Welcome to my blog

This is it! I've given up work -retired from the rat race and am about to start on a 10 year adventure, doing all those things I've been meaning to do but never had the time to do them. I've offloaded my responsibilities and it is now my time. So follow my adventures and see whether I actually manage anything!



Friday, 19 August 2016

The night tube

For the first time in London's history we'll now have  24 hour weekend Tube travel. The night tube begins tonight on the Central and Victoria lines and 3 more lines will follow in a few weeks. Many shift workers have been asking for this for some time.



Sharing with James at weekend reflection

Monday, 15 August 2016

Sculpture in the City.

As part of the City of London's education programme each year, there is a sculpture trail of new works in public places. A large number of children enjoy numerous workshops based on these sculptures.There are 20 sculptures altogether of which I have chosen a selection of the ones I found most interesting to share with you.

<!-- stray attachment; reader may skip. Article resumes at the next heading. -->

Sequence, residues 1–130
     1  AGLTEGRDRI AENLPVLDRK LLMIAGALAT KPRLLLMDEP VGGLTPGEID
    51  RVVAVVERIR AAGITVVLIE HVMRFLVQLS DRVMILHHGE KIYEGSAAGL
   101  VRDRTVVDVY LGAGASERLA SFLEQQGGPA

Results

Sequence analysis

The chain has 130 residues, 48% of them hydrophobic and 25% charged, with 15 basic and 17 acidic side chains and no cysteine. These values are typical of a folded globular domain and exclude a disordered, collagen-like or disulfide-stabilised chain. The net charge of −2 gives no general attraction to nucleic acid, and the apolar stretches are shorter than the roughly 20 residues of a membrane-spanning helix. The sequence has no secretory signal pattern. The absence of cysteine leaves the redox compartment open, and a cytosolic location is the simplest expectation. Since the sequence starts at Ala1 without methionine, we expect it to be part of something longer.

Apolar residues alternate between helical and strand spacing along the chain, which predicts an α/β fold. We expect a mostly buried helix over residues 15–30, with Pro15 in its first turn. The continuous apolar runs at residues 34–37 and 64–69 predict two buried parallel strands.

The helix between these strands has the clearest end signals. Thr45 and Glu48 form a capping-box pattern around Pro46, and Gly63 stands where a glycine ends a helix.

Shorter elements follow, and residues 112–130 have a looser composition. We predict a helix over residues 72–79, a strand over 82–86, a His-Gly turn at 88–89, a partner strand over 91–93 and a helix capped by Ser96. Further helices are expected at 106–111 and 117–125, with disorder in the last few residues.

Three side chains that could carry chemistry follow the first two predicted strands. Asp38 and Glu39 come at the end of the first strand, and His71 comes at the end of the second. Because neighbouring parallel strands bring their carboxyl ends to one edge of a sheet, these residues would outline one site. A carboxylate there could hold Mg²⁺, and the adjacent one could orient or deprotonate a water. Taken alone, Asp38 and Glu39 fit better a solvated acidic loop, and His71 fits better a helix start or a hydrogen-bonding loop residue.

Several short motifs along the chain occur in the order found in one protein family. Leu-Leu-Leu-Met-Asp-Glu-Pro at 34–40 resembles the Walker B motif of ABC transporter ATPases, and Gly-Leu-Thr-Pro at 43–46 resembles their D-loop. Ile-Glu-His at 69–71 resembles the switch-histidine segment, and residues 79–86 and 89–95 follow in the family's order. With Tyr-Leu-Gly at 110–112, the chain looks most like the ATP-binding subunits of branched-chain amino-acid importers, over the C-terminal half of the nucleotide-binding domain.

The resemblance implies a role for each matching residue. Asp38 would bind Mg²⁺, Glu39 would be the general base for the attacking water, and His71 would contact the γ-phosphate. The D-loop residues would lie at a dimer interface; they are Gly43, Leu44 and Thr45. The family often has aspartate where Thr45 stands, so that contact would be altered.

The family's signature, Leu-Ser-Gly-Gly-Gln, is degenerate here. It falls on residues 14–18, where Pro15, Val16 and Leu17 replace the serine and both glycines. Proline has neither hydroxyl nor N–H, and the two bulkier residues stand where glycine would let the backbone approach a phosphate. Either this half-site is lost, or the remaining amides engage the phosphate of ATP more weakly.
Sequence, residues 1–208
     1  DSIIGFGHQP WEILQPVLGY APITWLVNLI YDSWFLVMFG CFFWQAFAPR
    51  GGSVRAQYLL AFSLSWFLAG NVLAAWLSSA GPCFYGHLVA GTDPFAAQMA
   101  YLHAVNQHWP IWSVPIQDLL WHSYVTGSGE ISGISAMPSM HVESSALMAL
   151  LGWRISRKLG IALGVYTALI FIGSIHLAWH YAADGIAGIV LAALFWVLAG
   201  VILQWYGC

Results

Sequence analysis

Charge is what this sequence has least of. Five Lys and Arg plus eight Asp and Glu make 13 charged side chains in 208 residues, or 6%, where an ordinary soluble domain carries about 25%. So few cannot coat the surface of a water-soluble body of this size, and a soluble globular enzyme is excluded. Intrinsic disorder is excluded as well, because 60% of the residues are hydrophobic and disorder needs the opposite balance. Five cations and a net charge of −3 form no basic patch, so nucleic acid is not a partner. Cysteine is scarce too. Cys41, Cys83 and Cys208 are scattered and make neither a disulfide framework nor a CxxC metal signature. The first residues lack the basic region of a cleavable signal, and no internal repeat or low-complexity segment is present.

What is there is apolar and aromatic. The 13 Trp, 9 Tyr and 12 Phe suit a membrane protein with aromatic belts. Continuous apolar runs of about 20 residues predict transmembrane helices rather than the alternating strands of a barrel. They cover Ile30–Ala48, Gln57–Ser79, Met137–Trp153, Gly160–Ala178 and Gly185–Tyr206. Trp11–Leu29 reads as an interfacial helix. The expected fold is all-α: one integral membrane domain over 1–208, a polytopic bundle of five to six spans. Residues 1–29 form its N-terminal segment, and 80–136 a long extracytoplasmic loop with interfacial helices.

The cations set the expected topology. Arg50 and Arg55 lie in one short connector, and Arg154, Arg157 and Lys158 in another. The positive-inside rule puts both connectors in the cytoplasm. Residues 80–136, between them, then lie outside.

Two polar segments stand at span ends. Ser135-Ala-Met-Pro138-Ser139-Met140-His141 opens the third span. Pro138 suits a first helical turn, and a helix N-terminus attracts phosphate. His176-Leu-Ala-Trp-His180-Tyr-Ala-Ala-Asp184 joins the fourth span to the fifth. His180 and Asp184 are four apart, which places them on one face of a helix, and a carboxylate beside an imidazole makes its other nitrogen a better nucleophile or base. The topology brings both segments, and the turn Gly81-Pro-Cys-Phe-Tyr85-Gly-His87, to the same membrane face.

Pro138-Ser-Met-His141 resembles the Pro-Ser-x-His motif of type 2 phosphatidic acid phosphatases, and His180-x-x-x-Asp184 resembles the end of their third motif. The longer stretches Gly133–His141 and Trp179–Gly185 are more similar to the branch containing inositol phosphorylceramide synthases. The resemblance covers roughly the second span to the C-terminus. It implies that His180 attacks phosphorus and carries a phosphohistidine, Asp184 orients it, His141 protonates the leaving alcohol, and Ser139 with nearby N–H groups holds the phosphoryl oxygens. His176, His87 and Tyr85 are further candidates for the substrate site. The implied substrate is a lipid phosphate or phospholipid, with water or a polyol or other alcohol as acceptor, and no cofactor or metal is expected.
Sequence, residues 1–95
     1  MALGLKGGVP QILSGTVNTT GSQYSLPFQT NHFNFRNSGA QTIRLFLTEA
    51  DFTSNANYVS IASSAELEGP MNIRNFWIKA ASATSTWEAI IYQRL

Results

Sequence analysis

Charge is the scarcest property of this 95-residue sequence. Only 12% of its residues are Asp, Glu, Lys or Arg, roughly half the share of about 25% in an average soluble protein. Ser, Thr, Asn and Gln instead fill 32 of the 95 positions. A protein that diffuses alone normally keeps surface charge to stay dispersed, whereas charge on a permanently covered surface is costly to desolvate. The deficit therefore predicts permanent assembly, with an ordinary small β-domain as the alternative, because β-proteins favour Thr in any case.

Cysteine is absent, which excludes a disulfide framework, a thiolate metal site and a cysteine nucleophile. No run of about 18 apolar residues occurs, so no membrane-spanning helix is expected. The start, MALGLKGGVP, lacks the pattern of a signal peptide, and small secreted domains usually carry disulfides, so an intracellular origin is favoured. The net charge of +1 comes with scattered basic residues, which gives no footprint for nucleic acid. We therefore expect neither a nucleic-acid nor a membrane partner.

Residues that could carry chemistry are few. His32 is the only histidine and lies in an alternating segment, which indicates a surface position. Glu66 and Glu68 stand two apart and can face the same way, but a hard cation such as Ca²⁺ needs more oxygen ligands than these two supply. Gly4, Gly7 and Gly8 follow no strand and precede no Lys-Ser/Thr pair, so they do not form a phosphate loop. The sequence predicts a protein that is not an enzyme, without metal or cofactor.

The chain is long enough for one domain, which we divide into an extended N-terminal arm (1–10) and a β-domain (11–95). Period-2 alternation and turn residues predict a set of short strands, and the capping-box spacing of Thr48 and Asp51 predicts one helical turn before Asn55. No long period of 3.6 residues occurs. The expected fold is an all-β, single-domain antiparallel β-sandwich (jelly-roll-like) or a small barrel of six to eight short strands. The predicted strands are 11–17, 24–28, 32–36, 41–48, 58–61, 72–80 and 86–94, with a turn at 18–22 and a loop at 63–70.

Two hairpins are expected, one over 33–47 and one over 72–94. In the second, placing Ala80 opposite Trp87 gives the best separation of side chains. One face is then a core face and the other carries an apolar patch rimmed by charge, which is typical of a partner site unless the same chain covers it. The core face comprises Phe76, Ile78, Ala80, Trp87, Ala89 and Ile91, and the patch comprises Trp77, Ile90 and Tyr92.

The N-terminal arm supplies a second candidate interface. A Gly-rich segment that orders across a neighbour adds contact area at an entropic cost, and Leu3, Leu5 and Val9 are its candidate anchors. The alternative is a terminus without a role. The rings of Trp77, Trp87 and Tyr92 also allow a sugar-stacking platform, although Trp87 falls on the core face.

This one is called 'Laura' by Jaume Plensa. It is a large, bronze solid looking statue. The surprise for me was looking at it head on, just not what I expected at all.




























This is 'Fire Walker' by William Kentridge and Gerhard Marx. It was originally commissioned by the City of Johannesburg in 2010 and depicts the silhouette of a street vendor carrying a burning brazier on her head. Fire walkers sell pieces of coal to other vendors and are the poorest of the city's urban labourers. The sculpture is made up of fragmented pieces and I found it very difficult to find the exact spot which would align the pieces and give me the best view.



This view is from the City of London website which shows you a much better image of the sculpture than I could capture.





These are two out of a series of twelve giant masks by Ugo Rondonone. They are named after the months of the year so this is Sunrise. East July and Sunrise East October. They are cast bronze and painted silver and  have a resemblance to the stone heads of Easter Island.















Bronze and river stones by Giuseppe Penone needed a second look from me. I didn't realize at first that the tree wasn't real but was bronze. In its branches are five large river stones. For some reason it suited the surroundings of the large modern city skyscrapers. The explanation from the artist is that 'the bronze encapsulates the memory of the tree, memorialising and extending its life as it appears to rise out of the ground, undeterred by the weight of the boulders.'